Paolo Scavino Barolo 2006
Nebbiolo from Barolo, Piedmont, Italy
The grapes are harvested normally during the first decade of October. The maceration and the fermentation occur in steel rotary fermenters with temperature controlled. The malolactic fermentation occurs in oak barrels. Aging in French oak barriques for 12 months and further 12 months in French casks. After that, one more year of bottle aging before release.
Wine Spectator - "Round and velvety, this red offers cherry, plum and licorice flavors. It's backed by a solid structure of fresh acidity and tannins, with a lingering finish. Best from 2012 through 2027. 900 cases imported."
International Wine Cellar - "Good full red. Complex but subdued aromas of plum, dark raspberry and menthol. At once dense and juicy, with excellent energy to the broad flavors of black fruits, licorice and menthol. Serious and impressive for normale, finishing with solid structure and excellent juicy persistence."
The Wine Advocate - "The 2006 Barolo is a seductive, fruit-driven wine laced with plump, juicy fruit. Floral notes add a touch of lift on the close. Scavino makes his entry-level Barolo from a blend of vineyards, which in 2006 includes Vignolo, Rocche and Mariondino (all in Castiglione Falletto), Vignane and Via Nuova (both in Barolo), Bricco Ambrogio (in Roddino) and Plicotti (in La Morra). As is often the case, the Scavino Barolo is one of the finest wines in its category. Anticipated maturity: 2012-2021. "
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Paolo Scavino Winery
Enrico Scavino has been at the forefront of the modernist movement in Piedmont since the 1980s, and is today one of the most respected and highly regarded winemakers in all of Italy. Scavino diverged sharply from the tough-as-nails-when-young traditional style of Barolo to produce soft and lush wines that are delicious within months of release as well as later in their evolution, applying the same winemaking techniques to Barbera and Dolcetto. View all Paolo Scavino Wines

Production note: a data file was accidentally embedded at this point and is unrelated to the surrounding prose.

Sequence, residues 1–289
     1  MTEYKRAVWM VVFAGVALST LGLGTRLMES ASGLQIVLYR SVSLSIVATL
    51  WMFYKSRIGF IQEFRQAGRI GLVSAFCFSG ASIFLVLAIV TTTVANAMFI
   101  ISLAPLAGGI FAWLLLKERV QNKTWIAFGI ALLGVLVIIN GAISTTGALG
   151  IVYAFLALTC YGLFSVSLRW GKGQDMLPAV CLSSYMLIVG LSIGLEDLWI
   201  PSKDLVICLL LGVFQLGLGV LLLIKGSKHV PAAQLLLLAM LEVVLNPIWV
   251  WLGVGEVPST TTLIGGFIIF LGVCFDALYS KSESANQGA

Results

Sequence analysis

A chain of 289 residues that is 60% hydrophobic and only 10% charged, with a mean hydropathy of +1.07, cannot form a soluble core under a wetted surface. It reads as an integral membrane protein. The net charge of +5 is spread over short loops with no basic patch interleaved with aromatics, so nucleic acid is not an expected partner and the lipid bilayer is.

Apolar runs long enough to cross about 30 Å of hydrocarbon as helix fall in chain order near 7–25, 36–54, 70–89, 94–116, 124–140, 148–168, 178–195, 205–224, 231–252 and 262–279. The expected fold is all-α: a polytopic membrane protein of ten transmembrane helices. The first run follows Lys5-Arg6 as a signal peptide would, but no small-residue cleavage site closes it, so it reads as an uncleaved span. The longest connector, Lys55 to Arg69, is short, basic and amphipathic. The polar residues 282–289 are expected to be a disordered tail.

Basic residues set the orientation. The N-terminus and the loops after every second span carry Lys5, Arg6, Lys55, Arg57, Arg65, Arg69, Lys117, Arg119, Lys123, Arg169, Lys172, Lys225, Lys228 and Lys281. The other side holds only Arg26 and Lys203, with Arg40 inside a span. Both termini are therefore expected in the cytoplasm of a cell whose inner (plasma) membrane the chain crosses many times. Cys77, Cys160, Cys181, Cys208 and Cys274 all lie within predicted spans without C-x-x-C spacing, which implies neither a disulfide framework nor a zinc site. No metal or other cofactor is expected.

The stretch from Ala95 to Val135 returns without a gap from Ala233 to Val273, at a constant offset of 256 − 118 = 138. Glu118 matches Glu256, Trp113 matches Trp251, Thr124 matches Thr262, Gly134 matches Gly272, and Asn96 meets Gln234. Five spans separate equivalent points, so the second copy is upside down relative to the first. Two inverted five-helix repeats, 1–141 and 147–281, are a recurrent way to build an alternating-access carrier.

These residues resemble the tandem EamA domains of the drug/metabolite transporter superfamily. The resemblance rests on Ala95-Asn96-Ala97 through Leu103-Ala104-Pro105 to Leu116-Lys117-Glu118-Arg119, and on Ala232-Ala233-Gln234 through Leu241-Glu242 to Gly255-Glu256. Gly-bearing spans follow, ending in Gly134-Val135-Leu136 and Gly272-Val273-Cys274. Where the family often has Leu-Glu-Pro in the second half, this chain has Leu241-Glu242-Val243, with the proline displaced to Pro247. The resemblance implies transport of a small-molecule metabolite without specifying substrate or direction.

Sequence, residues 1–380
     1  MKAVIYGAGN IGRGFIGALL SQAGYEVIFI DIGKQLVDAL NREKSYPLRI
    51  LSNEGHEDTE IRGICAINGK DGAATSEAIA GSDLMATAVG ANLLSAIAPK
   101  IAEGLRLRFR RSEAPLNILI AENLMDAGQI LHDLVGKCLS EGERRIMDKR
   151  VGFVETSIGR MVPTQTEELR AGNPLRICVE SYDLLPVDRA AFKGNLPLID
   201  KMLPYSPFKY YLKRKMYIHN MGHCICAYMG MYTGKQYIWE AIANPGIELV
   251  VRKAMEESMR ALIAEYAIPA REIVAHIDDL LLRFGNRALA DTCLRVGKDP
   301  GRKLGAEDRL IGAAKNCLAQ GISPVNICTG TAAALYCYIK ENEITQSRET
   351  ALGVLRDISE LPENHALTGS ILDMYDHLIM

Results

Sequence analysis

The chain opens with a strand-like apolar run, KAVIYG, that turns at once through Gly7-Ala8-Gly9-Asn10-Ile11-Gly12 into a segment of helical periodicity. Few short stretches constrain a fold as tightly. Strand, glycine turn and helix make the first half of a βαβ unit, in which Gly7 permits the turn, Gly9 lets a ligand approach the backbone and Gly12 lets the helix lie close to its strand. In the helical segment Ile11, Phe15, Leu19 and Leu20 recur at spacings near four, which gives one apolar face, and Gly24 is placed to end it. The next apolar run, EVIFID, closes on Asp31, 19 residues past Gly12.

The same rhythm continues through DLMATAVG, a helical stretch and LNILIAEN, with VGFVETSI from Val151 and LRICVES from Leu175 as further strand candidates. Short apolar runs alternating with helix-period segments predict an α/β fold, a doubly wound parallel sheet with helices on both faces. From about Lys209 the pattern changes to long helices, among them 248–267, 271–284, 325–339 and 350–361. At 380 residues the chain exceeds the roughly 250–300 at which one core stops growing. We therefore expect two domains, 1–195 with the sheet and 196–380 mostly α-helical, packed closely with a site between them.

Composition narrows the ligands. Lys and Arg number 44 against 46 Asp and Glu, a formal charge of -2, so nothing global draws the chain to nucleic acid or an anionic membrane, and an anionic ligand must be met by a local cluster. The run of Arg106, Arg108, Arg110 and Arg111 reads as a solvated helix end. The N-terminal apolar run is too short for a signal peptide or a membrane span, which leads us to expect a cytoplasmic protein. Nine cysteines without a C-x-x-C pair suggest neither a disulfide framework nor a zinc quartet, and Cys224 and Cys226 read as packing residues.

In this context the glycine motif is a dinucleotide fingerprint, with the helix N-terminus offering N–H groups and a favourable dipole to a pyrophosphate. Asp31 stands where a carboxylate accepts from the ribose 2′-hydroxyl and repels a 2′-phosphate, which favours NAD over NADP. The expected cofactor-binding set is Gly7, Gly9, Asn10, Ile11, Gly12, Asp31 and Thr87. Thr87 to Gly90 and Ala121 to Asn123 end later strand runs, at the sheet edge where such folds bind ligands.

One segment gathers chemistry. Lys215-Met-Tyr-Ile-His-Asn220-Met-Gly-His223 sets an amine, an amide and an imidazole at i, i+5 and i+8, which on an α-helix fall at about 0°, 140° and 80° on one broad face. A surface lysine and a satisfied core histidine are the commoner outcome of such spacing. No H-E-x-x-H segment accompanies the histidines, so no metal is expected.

About PiedmontView a map of Piedmont wineries (PEED-mont)
Notable FactsNot just regulated to red wine, Piedmont also produces some notable whites, particularly those near the district of Gavi and Asti. Gavi produces still white wine from the Cortese grape. The wine is dry with a crisp, citrus-like acidity – fairly neutral but pleasant. Arneis is another grape/wine made in the area, creating a fuller wine that displays some nuttiness in the aroma and taste. Asti is well known for its sparkling wine – in particular Asti Spumante and Moscato d'Asti. Asti Spumante is typically higher in alcohol, sweetness & fizziness, while its higher-class cousin, Mostcato d'Asti, contains lower alcohol levels, a few less bubbles, and a more restrained and delicate representation of Moscato fruit.
A little ditty about Italy...This country has about as many wines as its had governments. With 20 different regions, hundreds of DOCs and even more indigenous varieties, the amount of wine made in Italy is mind-boggling. Most of the juice, however, remains in the country for thirsty Italians. Wine is food in Italy and its rare that a meal is consumed without a glass of vino. That said, it's not common to find many folks drinking wine without food either. In turn, it's a match, and a mighty good one at that. In fact, it's safe to say that Italian wine is a foodie wine – one that goes on the table for a myraid of meals.
For regions, the most popular are Tuscany (home of Chianti), Piedmont and the Tre-Venezie, which includes Veneto, Trentino Alto-Adige and Friuli. Other communes of note are in Southern Italy, and a few good wines are made elsewhere in the country. The islands of Sardinia and Sicily are members of the Italian winemaking community as well.
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